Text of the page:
In other developments, negotiations for the proposed Transatlantic Trade and Investment Partnership (TTIP) agreement between the United States and the EU remained dormant in 2017. [548] The UK continued to prepare for exiting the EU (Brexit) in March 2019. In May 2017, the Office of the U.S. Trade Representative (USTR) and the U.S. Department of Agriculture (USDA) announced that the EU had lifted rules requiring that U.S. citrus groves be surveyed for citrus canker before U.S. citrus exports to the EU would be permitted. [549] According to USTR, the EU requirement had effectively eliminated EU market access for a majority of Florida citrus groves. [550] USTR estimates that U.S. citrus producers will save $5.6 million annually with the elimination of the EU rules. [551]

During 2017, there were new developments in two long-running World Trade Organization (WTO) dispute settlement cases on civil aircraft filed by the EU against the United States. On June 9, 2017, the WTO compliance panel issued a report in the complaint by the EU regarding U.S. measures affecting trade in large civil aircraft (DS353). In the second case, on September 4, the WTO Appellate Body circulated its report in the complaint by the EU relating to U.S. conditional tax incentives for large civil aircraft (DS487). The developments in these two cases are described in more detail in chapter 3.

Agreement on Insurance and Reinsurance Measures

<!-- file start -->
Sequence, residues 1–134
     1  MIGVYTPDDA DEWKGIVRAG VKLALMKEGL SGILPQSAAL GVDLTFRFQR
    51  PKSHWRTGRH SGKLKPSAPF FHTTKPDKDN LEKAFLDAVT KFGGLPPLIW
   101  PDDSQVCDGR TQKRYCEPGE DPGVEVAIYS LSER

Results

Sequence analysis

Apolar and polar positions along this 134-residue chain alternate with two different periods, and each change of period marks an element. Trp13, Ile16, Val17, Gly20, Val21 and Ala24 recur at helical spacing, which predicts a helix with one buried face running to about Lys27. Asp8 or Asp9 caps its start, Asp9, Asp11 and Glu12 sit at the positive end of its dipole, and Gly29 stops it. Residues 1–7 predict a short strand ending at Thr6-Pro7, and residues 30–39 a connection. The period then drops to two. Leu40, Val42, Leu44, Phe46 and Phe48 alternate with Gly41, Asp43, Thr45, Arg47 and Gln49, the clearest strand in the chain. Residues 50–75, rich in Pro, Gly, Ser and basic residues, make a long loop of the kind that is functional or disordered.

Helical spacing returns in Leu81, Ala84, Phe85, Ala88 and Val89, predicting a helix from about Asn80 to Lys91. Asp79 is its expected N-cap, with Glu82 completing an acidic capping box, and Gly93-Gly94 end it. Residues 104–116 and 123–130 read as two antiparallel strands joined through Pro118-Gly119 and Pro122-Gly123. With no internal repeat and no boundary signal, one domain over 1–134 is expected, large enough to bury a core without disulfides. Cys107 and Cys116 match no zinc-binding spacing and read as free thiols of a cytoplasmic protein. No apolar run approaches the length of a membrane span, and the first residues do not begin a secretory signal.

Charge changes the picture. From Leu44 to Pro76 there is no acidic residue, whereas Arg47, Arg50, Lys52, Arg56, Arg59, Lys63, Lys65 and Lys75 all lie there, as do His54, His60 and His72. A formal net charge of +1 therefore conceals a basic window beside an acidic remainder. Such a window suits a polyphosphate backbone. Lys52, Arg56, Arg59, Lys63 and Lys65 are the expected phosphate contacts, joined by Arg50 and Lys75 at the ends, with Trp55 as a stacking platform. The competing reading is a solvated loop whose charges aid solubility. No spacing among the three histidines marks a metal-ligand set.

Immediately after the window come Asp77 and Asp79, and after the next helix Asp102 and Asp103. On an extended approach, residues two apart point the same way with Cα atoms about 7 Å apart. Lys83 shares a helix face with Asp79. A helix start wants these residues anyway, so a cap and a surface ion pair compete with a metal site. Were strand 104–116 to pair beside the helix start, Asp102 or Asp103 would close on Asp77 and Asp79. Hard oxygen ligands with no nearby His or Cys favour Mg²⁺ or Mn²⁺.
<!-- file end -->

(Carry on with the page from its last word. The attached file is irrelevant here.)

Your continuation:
On January 13, 2017, the United States and EU announced conclusion of an agreement [552] on insurance and reinsurance measures. [553] Negotiations began in February 2016 following the implementation on January 1, 2016, of a new EU insurance regulatory regime [554] known as Solvency II. [555] Solvency II requires that U.S. prudential regulation be deemed equivalent to that in the EU to prevent “disadvantageous treatment” of U.S. insurers and reinsurers operating in the EU market. [556] To address this issue, on September 22, 2017, U.S. and EU officials signed a “covered agreement” on prudential measures affecting insurance and reinsurance. [557] At the same time, the U.S. Government issued a policy statement that clarified how the U.S. views implementation of certain provisions of the agreement. [558] Although some parts of the agreement will apply provisionally, the agreement is expected to fully apply after 5 years from the date of signature. [559]

According to a joint U.S.-EU statement issued at the conclusion of negotiations, the new agreement will ensure “ongoing robust insurance consumer protection” and will provide “enhanced regulatory certainty for insurers and reinsurers operating in both the U.S. and the EU.” [560] The U.S. policy statement said that the agreement “affirms the U.S. system of insurance regulation, including the role of state insurance regulators as the primary supervisors of the business of insurance.” [561]

The agreement covers three areas of insurance regulation: (1) group supervision, (2) collateral and local presence requirements for U.S. and EU reinsurers operating in the other’s market, and (3) exchange of information between U.S. and EU supervisory authorities. [562]